Los Angeles has been the setting of numerous primetime shows dealing with the entertainment biz, none of which has been an especially big ratings draw despite strong critical support. A look at some of them:
Greg the Bunny (Fox, 2002): Great reviews couldn’t save this short-lived comedy about a world where puppets are living creatures. Greg, who lands a job on a long-running children’s show, befriends his human roommate, Jimmy Bender (Seth Green), and together they navigate the tricky world of Hollywood. Show was a tough fit on the Fox sked, with its 14 episodes airing in five different timeslots before the ax fell.
Wednesday 9:30 (8:30 Central) (ABC, 2002): A young TV exec from the Midwest (Ivan Sergei) gets a job at fledgling TV network IBS and is strapped with insecure and wacky co-workers. The title confused viewers and was changed to “My Adventures in Television,” but the show lasted only a few episodes.
Bette (CBS, 2000-01): The singer-actress starred as herself in this comedy, which didn’t last a full season due to lackluster ratings after a promising start. Most critics loved the pilot but feared the energy couldn’t be maintained; they were right.
Grosse Pointe (WB, 2000-01): Darren Star, who created “Beverly Hills, 90210,” bit the hand that fed him with this look at the scandals behind the scenes of a fictional teen soap. Low ratings doomed the show, which lasted less than a full season despite — surprise, surprise — more great reviews by critics.
Action (Fox, 2000) This outrageous, often ribald spoof of film execs looking for the next great action hit centered on a hotshot producer (Jay Mohr) and a former child star-turned-hooker (Illeana Douglas). A favorite of critics, the show proved too inside and was quickly canceled due to low ratings. A handful of unaired episodes aired on cabler FX.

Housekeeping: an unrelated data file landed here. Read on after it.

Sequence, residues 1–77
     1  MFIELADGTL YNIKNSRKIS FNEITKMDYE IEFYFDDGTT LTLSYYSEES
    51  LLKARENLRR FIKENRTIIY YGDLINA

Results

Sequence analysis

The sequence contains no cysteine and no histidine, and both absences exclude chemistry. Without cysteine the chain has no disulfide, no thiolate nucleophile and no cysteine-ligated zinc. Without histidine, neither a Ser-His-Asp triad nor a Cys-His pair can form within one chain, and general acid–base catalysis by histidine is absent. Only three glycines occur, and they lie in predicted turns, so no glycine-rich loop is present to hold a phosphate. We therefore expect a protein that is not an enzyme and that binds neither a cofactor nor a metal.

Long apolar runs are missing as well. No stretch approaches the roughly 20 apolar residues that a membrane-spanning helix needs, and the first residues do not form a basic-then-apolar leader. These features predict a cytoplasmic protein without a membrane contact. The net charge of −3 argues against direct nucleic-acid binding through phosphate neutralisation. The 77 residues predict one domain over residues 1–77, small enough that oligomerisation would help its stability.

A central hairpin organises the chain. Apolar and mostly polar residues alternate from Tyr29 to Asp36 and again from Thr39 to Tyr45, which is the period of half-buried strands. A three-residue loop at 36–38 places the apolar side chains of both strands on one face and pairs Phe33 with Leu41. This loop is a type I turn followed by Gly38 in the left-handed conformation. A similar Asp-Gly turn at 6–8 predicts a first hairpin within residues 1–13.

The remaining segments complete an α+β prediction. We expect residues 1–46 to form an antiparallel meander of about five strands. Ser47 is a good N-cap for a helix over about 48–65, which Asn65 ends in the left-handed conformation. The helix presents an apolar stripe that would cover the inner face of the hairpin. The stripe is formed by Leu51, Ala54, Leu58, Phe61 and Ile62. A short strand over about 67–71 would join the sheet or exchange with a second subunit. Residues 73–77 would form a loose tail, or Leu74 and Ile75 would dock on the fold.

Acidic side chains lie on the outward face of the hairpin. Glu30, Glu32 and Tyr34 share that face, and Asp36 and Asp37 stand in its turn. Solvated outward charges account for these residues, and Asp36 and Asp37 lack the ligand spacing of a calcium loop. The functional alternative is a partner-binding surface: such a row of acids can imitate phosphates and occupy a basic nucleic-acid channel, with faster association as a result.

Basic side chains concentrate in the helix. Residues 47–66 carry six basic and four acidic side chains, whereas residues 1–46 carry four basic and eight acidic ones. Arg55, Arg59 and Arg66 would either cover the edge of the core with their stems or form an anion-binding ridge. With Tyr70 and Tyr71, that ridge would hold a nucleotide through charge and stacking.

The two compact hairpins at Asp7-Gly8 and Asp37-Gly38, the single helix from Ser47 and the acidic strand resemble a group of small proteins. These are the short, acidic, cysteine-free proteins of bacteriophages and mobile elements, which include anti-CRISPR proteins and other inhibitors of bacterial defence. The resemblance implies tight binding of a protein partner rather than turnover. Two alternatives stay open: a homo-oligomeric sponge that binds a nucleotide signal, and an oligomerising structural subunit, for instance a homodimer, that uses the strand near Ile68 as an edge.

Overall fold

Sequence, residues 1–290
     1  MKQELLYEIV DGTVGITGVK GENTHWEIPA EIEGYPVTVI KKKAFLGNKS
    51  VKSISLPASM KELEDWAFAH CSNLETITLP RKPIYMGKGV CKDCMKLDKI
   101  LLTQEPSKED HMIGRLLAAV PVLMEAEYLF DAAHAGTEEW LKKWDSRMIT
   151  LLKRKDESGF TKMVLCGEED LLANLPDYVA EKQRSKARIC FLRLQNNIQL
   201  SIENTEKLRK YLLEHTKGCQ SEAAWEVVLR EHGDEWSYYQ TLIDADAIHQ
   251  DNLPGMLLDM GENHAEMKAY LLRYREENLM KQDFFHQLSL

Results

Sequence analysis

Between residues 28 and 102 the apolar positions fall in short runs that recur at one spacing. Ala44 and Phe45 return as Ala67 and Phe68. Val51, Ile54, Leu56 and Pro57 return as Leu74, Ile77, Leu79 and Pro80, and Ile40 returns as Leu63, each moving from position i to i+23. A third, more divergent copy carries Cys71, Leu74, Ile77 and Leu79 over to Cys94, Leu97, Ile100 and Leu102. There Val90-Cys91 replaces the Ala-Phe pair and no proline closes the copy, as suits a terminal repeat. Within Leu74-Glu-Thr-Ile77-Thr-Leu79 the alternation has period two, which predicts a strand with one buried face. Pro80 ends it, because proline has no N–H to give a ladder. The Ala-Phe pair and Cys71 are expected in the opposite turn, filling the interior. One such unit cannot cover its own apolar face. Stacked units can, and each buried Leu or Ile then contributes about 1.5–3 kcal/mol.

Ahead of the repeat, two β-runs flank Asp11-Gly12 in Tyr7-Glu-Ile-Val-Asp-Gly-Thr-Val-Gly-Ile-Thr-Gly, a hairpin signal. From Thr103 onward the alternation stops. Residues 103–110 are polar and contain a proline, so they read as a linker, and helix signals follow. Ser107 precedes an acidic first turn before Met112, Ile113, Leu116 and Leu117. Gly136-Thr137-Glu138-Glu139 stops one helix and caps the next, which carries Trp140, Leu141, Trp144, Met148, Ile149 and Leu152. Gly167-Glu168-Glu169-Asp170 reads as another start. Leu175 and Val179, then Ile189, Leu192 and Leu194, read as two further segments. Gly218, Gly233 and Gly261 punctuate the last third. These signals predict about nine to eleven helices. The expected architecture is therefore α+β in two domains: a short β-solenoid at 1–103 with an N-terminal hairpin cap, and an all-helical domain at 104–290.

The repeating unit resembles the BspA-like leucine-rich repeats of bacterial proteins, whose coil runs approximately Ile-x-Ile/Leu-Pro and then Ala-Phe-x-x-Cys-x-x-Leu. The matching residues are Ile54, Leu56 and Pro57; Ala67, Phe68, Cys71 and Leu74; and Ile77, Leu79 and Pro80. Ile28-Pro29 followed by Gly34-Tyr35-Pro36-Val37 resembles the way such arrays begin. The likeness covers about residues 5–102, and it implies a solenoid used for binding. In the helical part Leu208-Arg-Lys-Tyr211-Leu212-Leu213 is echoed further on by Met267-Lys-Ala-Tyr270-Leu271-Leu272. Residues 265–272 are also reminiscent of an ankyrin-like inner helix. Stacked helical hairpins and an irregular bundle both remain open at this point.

Movie Stars (WB, 1999-2000): In an attempt to show what family life is like for Hollywood stars, the Frog net presented Harry Hamlin as an action movie star who’s married to a lovely dramatic actress (Jennifer Grant). Show delivered respectable ratings and was asked back for a second season but eventually fizzled.
The Brian Benben Show (CBS, 1998): When ratings drop at an L.A. television station, a new anchor team supplants a trusted newsman (Benben) who continues to work there as a reporter but is an arch enemy of the new duo. In real life, ratings aren’t there from the start, and CBS cancels it after less than a month.
Almost Perfect (CBS, 1995-96): Based in part on the life of co-creator Robin Schiff, this comedy centered around a high-strung TV writer (Nancy Travis) and her district attorney boyfriend (Kevin Kilner). Her work life included a behind-the-scenes look at the writing of fictional cop show “Blue Justice.” Perhaps too young and urbane for CBS, it made it only a few episodes into its second season.
The Larry Sanders Show (HBO, 1992-98): Comic Garry Shandling drew upon his own talkshow experiences to create the character of a paranoid, insecure host of a latenight show. A convincing slice of life behind the camera, the show was adored by critics and regularly nominated for a comedy series Emmy, but never won.
The Famous Teddy Z (CBS, 1989-90): John Cryer starred in this laffer, which showed the world of Hollywood talent agents (at fictional Unlimited Talent Agency) and revolved around agent Teddy, his brother and a grandmother who is bewildered by his career — she would prefer he was a baker. The show lasted just one season, despite being hailed by critics as a sure winner.